• Spruce, a service provider for apartment residents, raised a $3 million round in July. The company moved its headquarters to Austin around the same time. Read more.
  • Grab, a mobile software company that's designed an airport mobile ordering app, closed a multimillion-dollar series A this summer. Read more.
  • Fannin Partners LLC, an early-stage life science commercialization company, closed a $5.25 million round this summer. Read more.
  • Voyager, a bulk shipping software company, raised $1.5 million in seed funding in August. Read more.
  • Cemvita Factory, which created a way to mimic photosynthesis, raised an undisclosed amount from corporate partners in August and September. Read more.
  • Galen Data, which uses its cloud-based software to connect medical devices, closed a $1 million seed round in September. Read more.
  • Syzygy Plasmonics, a hydrogen fuel cell creator, closed a $5.8 million Series A round in September. Read more.
  • sEATz, an app that allows in-seat ordering, closed a $1.3 million seed round in September. Read more.
  • Sourcewater Inc., which specializes in oilfield water intelligence, closed its series A round at $7.2 million in September. Read more.
  • Topl, a blockchain developer, raised over $700,000 in its seed round in September. Read more.
The most exciting part of this Texas startup funding roundup is that Houston brought in more dollars than Dallas. Getty Images

Houston sees massive growth in startup venture capital investments

Money moves

When it comes to startup funding, Texas saw only a small jump in startup investments made, according to Crunchbase. However, when you look at funds coming into Houston companies, the Bayou City's numbers soared.

Houston raked in $251 million of the state's total $817.9 million for the second quarter. Last quarter, the city posted a mere $44.7 million of investment into local startups, which was previously a huge drop from the $121.4 million reported in Q4 2018, according to Crunchbase.

The state's VC activity only increased by less than $10 million, with both Austin and Dallas taking huge hits following their strong starts in Q1. VCs invested $411.11 million into Austin startups in Q2, which is a 19 percent drop from Q1's $493.18 million, Crunchbase's Mary Ann Azevedo reports. Dallas also saw a drop of around $100 million in investments between quarters. Dallas startups only brought in $148.5 million in Q2 compared to $245.4 million in Q1.

Chart via news.crunchbase.com

Houston's biggest deal for the quarter was AlloVir's $120 million Series B, which closed in May. The biotech company founded at Baylor's Center for Cell and Gene Therapy is currently in clinical trials for its immunotherapy technology and also announced with the round closing that it joined the ElevateBio — a Boston-based organization that combines a group of cell and gene therapy companies — portfolio.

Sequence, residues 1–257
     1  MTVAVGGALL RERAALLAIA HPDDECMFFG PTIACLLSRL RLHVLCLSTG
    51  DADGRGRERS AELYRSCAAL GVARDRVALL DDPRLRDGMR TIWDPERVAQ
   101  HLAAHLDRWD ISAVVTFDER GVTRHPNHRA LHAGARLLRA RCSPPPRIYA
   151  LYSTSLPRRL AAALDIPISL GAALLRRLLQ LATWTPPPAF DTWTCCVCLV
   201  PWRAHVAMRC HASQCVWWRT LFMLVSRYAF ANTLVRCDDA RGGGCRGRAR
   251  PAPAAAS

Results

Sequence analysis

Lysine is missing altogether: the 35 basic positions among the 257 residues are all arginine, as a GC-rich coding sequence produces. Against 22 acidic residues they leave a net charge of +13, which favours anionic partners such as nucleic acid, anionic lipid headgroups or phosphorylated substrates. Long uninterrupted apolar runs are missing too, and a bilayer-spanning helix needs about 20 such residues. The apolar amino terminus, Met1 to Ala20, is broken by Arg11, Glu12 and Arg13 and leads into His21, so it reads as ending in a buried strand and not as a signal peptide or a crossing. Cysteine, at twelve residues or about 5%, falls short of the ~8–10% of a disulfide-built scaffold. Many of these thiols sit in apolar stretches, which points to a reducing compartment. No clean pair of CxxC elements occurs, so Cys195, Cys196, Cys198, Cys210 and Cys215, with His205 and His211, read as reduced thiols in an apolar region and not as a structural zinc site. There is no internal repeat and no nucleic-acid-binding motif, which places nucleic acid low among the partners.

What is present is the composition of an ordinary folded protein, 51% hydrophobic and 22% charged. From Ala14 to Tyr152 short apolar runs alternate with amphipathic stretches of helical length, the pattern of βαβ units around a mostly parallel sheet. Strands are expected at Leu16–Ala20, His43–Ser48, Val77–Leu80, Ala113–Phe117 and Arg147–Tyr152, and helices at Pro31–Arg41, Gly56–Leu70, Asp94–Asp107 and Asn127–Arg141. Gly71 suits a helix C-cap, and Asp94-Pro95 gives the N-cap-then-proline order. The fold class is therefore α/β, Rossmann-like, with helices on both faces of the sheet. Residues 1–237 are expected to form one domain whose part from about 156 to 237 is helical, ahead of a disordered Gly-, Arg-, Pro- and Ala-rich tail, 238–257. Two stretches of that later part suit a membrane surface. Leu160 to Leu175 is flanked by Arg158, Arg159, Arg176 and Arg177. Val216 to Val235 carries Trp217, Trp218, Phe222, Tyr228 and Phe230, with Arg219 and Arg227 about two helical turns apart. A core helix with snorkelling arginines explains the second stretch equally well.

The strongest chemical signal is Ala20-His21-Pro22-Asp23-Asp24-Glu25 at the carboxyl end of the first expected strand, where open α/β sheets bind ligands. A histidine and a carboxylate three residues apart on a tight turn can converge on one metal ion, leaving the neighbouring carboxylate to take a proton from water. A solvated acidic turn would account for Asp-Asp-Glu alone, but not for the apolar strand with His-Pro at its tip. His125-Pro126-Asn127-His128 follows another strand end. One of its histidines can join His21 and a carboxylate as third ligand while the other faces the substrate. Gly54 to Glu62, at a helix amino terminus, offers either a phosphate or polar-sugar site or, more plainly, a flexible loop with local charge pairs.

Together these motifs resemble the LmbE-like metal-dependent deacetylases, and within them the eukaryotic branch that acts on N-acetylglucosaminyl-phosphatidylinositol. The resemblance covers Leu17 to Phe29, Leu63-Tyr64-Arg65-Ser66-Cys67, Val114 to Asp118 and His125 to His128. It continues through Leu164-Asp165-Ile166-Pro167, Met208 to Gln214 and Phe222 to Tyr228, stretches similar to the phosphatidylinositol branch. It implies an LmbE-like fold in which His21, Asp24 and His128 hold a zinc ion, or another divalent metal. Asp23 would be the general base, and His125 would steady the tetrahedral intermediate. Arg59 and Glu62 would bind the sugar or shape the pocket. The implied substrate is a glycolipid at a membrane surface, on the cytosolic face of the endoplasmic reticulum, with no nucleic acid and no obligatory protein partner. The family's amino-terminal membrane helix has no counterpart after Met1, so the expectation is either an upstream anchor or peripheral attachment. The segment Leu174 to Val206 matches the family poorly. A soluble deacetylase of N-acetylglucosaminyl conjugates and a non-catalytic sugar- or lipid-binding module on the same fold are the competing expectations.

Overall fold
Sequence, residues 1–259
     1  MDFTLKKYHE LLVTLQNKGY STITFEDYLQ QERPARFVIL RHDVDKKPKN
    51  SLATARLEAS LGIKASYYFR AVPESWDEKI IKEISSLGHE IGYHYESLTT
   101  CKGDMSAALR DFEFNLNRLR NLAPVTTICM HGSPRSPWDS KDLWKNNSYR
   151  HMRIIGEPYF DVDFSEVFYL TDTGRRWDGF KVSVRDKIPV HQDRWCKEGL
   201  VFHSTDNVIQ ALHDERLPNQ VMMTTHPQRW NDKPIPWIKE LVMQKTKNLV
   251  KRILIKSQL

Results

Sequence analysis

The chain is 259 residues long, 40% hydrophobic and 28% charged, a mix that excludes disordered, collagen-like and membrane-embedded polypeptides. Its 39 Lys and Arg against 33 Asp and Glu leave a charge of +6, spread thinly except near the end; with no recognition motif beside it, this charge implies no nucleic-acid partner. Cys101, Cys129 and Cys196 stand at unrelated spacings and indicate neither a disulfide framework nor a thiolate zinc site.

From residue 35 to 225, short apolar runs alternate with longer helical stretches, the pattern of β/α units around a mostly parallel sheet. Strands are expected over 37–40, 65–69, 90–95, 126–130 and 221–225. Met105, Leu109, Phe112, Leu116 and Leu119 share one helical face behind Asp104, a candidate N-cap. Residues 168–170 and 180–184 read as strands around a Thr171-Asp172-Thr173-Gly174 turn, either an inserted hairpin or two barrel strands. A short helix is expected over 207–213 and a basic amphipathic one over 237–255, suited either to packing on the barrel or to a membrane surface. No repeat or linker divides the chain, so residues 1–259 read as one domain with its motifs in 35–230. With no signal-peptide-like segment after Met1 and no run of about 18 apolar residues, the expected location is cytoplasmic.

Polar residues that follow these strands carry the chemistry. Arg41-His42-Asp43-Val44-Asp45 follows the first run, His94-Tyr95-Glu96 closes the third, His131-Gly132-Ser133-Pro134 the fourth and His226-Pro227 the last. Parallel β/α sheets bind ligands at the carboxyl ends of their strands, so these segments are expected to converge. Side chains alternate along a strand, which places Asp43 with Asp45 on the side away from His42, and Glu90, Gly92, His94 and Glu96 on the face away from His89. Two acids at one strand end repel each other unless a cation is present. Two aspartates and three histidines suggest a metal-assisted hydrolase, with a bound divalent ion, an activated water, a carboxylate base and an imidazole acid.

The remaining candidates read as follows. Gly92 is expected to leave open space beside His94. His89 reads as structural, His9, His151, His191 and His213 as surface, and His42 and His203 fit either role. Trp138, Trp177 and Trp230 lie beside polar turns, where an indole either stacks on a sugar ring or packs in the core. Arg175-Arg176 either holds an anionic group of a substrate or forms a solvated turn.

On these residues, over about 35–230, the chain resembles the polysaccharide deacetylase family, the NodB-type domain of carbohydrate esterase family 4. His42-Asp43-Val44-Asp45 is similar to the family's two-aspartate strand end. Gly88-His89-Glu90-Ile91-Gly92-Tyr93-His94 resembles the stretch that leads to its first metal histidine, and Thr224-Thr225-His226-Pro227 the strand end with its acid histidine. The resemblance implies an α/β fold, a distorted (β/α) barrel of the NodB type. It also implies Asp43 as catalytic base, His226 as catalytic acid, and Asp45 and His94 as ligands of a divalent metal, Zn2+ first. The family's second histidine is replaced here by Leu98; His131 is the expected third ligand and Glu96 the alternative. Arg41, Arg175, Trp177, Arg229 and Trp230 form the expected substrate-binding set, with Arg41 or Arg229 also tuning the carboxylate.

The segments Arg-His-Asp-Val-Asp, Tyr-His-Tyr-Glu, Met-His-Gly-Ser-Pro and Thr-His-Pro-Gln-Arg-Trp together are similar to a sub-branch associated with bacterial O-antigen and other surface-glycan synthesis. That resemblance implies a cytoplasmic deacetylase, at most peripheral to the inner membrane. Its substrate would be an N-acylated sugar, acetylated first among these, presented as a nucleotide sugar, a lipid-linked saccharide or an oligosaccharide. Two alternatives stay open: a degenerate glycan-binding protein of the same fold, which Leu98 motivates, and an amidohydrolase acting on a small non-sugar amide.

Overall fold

Here are some other Houston startup deals that closed in Q2. (Note: Not all of these deals are necessarily included in Crunchbase's report.)

Houston VC deals in April:

  • Innovapptive, a software-as-a-service company with clients in industrial industries, closed on a $16.3 million Series A investment. Read more.
  • OAG Analytics, which uses artificial intelligence in the oil and gas industry, has closed its second round of strategic funding. The exact amount of the raise was not disclosed by OAG, but according to a Form D filing, the company expressed that it was raising $8.72 million in this round. Read more.

Houston VC deals in May:

  • Data Gumbo Corp., a blockchain-as-a-service company, closed on a $6 million Series A round. Read more.
  • Information technology automation and management company, Liongard, closed its Series A round at $4.5 million. Read more.
  • Tachyus, the data-driven software company has closed its Series B fundraising round at $15 million. Read more.
  • Fast-growing chemicals manufacturer, Solugen Inc., the only producer of bio-based peroxide solutions, announced that its $32 million Series B funding round has closed. Read more.

Houston VC deals in June: 

  • Following a $20 million commitment from Sanford Health, regenerative medicine and cell therapy company, InGeneron Inc., has extended its Series D round to $43 million. Read more.
  • Iownit Capital and Markets Inc. announced that it closed a $4.5 Seed round of funding. Read more.


METRO launches a driver-less route, Houston biotech company raises millions, and more quick innovation news. Courtesy of METRO

METRO launches self-driving shuttle, Data Gumbo hires new exec, and more Houston innovation news

Short stories

So much Houston innovation news — so little time. In order to help keep in touch with all the news happening among startups and technology in Houston, we're hitting the highlights in this innovation news roundup.